Written by: Morgan, Founder of Unpolished
My alarm goes off. It’s 10pm and I have to leave for my overnight shift in 15 minutes. My body is sore from exhaustion and my head is pounding because I didn’t drink enough water throughout the day. It’s hard to keep track of the basics. Sleep. Water. Food is easier, but maybe because I am hyper-aware of that element. I slowly peel my eyes open, place my feet on the ground, and stand up.
I have to make money. I have to pay bills. I have to save if I want my year of travel to happen. But, I also go to work for deeper reasons. I go to remind all the girls there that they matter. My overnight doesn’t include much interaction, but I find ways to brighten the house. Writing notes, making homemade games to play in group. There are ways to leave traces of hope in a space where many are hopeless.
Compassion for other’s is a simple concept for me to grasp. Others deserve compassion. Others are important and worthy and beautiful because I love people. I truly do. There are very few people I find myself having issues with. But, one of those few that cause issues happens to be myself and this is, perhaps, the most problematic situation.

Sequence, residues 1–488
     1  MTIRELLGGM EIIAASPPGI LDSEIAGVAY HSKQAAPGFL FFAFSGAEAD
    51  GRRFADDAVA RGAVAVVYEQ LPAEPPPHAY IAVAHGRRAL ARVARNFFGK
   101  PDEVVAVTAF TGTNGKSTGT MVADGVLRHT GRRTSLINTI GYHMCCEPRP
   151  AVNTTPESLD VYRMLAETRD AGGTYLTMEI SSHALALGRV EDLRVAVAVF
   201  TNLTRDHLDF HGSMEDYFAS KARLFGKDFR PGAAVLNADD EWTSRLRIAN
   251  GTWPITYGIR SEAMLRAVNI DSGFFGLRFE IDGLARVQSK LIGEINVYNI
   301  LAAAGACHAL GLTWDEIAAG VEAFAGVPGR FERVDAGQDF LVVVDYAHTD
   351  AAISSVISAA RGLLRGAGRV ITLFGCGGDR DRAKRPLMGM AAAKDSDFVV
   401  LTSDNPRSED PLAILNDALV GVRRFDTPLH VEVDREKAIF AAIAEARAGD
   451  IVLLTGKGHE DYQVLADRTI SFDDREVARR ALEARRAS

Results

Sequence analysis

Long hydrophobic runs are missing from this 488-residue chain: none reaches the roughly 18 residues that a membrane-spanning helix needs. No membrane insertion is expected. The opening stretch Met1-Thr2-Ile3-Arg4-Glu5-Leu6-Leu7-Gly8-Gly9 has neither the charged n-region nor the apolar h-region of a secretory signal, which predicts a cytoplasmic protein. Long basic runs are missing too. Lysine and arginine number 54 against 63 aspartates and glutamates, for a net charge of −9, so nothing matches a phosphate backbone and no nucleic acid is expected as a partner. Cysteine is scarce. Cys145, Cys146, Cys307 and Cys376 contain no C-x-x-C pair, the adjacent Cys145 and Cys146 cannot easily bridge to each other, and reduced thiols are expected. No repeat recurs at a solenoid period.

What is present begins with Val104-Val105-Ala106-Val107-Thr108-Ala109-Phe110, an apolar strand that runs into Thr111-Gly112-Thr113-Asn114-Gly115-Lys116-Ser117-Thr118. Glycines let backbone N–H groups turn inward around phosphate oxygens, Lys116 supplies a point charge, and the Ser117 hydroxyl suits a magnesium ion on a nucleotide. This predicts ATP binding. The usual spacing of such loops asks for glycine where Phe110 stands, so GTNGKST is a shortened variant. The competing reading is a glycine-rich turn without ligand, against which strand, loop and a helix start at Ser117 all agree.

“How can you be compassionate for others without having any compassion for yourself?” my therapist asks me.
“It’s simple,” I respond, “You just do it. It’s second nature for me.”
But, as the years go on and time slips by, I start to realize the issues with this way of living. Living without compassion is like hiking in the desert without sunblock. Eventually you will end up burned, dehydrated, and tired. Eventually you will wear out. Eventually you will have to stop.
Maybe that’s what treatment was for me – my burn out point. It was my body, mind, and spirit saying, “hey listen lady, you need to learn to be nicer to us.” And, yet even with them screaming in my ears, I still have the hardest time listening.
Self-compassion looks a lot like the last 6 miles of a marathon. Clenched teeth, testing faith, the final stretch. It doesn’t feel good at first. Especially if you haven’t been practicing it previously in your life. For me, self-compassion is standing in the bathroom, staring at my face in the mirror while my head screams to stop and my heart screams for help. It is painting my nails when my head says it’s pointless, taking a day off work because my heart needs a nap, or painting when I haven’t cleaned. Self-compassion is a fight. It does not come easily.
But, just like training for a marathon, the more you practice the easier the fight becomes. Over time the fight will feel less like the last six miles and more like the first ten. It will still be strenuous and hard, but it will offer more reward than struggle. Keep practicing. Self-compassion is so important even if it feels unnatural.